Best blue houseplants – to create a calm indoor environment

Psychologists say that blue houseplants can bring a sense of safety and abundance to your home

Blue kalanchoe, blue moth orchid, blue bromeliad
(Image credit: Getty Images/ncristian/Feifei Cui-Paoluzzo/skymoon13)

There's no doubt that indoor plants can bring us a whole host of benefits. Some houseplants help with sleep while others are air purifying and help keep your home feeling fresh. 

Well, psychologists say that choosing houseplants of different colors can help evoke different emotions - and blue is the perfect choice for creating a calm indoor environment.

'In the world of psychology and color theory, blue is often linked to feelings of calm, relaxation, and stability,' says Dr. Deborah Gilman, a psychologist at Fox Chapel Psychological Services.

'This association is deeply rooted in our evolutionary past, where clear blue skies and calm waters signalled safety and abundance. The gentle, cool tones of blue are believed to have a physiological effect, slowing heart rates and promoting a sense of tranquillity,' she adds.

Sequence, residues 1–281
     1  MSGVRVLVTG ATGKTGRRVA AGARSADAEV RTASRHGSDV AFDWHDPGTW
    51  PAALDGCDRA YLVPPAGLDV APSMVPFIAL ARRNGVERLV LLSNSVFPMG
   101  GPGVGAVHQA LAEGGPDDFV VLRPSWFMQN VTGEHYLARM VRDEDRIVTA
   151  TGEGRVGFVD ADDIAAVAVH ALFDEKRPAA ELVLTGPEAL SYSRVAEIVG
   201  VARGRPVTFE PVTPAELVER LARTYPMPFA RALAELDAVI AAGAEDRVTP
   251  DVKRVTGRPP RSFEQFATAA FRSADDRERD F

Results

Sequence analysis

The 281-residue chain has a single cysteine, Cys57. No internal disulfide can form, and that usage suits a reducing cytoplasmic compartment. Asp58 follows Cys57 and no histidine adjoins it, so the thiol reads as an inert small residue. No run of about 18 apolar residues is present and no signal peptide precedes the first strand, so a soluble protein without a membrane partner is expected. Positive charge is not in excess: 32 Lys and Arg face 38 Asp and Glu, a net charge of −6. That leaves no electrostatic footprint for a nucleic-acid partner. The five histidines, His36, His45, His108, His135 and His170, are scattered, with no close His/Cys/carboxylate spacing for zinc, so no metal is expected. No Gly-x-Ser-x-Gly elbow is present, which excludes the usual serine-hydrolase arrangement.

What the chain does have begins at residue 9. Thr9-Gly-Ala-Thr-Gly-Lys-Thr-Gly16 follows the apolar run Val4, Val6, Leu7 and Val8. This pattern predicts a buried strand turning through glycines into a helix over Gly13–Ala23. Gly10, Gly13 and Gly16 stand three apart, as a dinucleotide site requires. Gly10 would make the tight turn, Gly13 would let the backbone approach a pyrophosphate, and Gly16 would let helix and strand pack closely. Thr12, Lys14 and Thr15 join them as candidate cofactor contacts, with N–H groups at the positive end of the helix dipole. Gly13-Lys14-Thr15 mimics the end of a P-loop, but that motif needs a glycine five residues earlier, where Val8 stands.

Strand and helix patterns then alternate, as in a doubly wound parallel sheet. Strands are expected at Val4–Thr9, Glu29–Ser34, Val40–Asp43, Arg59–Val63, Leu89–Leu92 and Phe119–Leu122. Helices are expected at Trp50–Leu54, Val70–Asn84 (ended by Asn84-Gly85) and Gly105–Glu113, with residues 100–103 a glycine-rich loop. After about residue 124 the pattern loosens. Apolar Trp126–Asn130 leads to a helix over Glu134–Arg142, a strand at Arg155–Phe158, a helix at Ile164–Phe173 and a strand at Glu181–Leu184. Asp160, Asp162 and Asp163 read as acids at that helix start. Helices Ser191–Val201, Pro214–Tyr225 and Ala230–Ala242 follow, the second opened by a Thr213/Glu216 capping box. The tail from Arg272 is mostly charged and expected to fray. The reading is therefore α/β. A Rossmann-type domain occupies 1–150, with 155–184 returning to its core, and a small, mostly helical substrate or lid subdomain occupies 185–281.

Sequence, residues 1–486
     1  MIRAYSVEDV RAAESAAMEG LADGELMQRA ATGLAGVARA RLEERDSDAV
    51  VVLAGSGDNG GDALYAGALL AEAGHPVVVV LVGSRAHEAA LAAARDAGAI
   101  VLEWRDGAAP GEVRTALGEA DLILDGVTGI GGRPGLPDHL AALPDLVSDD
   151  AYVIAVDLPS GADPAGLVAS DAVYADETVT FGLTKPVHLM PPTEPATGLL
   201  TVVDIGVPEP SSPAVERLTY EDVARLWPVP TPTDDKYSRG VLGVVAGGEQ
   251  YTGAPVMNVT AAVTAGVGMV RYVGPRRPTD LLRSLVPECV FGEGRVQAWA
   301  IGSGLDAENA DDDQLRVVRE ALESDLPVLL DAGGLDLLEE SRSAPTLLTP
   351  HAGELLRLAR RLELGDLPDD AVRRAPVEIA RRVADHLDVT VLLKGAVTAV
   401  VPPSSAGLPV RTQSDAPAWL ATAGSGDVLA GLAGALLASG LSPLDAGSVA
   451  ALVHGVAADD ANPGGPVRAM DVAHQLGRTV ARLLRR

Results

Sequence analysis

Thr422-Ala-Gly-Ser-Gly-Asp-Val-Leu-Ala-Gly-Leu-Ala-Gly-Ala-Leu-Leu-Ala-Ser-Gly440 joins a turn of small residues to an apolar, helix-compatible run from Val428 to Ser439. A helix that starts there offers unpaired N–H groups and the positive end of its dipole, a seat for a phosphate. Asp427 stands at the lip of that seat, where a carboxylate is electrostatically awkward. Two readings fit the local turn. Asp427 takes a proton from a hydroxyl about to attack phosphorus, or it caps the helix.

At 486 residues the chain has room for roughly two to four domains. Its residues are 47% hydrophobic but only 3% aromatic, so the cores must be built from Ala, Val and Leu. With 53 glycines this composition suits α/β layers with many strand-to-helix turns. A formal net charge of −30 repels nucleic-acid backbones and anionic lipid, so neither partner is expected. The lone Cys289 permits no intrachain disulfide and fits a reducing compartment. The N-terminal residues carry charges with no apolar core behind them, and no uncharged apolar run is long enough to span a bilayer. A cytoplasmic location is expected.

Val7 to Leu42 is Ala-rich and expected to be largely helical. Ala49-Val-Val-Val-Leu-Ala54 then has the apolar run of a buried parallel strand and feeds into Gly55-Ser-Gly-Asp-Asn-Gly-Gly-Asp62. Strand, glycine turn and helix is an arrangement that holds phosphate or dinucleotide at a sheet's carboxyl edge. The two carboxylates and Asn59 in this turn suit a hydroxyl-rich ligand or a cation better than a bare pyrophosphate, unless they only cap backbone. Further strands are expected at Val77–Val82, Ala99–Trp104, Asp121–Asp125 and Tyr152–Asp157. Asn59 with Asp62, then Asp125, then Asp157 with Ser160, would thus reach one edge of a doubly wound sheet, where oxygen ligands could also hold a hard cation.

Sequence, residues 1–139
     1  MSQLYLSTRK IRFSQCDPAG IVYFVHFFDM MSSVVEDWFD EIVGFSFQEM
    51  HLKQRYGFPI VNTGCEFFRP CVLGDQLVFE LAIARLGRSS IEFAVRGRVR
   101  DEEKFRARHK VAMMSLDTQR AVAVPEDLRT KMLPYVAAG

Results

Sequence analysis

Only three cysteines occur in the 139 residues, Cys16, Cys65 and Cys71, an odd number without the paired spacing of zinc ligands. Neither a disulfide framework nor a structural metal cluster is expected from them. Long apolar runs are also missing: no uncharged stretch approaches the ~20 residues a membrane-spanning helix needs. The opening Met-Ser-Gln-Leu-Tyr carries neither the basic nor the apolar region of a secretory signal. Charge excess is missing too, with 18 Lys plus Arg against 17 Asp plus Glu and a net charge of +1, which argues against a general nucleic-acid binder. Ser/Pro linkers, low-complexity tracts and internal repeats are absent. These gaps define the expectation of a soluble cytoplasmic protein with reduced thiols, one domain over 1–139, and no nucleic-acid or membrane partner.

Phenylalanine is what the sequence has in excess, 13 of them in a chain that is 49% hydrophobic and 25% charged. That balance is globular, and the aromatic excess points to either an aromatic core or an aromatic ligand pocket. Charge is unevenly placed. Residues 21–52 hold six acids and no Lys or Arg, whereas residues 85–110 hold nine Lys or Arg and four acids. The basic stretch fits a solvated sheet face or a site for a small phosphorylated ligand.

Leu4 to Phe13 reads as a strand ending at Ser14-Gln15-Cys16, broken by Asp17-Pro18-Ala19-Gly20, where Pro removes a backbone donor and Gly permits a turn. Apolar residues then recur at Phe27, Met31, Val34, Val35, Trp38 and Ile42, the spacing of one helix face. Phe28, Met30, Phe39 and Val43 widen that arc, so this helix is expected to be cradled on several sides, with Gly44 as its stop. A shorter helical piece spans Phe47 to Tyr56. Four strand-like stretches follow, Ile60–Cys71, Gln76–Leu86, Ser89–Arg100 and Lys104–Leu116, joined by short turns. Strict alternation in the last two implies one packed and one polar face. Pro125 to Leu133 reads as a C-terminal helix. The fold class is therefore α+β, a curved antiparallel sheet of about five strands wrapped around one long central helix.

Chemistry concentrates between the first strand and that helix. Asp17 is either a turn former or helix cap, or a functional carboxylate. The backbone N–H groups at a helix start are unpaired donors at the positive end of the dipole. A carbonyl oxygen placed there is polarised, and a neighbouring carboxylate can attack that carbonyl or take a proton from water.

We've spoken to experts to find out more about the effect of choosing blue tones when decorating your home with plants, and what the best blue plants are for creating a calm indoor environment. 

Blue echeveria

(Image credit: Getty Images/MAsummerbreak)
Dr. Deborah Gilman
Dr. Debroah Gilman

Dr. Gilman is a licensed psychologist, child specialist, coach, and dynamic speaker. She has special expertise working with children, adults, families, schools, businesses, communities, and other organizations impacted by trauma. Dr. Gilman's trauma-informed services are built on the best evidence available to promote engagement, empowerment, and collaboration.

Why is blue a calm color?

Blue moth orchid

(Image credit: Getty Images/SusanGaryPhotography)

The color blue has long been associated with feelings of relaxation, which is why we often find it used in bedrooms to help with sleeping and in garden design for wellbeing spaces. Color psychology tells us that it stems from nature.

'This calming effect can be attributed to its associations with elements of nature, such as the sky and the sea, which are typically perceived as tranquil and vast spaces,' says Niloufar Esmaeilpour, a clinical counsellor and founder of Lotus Therapy & Counselling Centre.

In fact, exposure to blue hues can lower heart rates and encourage a state of mental relaxation.

'The color blue is believed to evoke feelings of stability, tranquility, and peace, making it a powerful tool in reducing stress and anxiety,' Niloufar adds.

When it comes to indoor gardening, you can achieve this sense of serenity by opting for blue houseplants.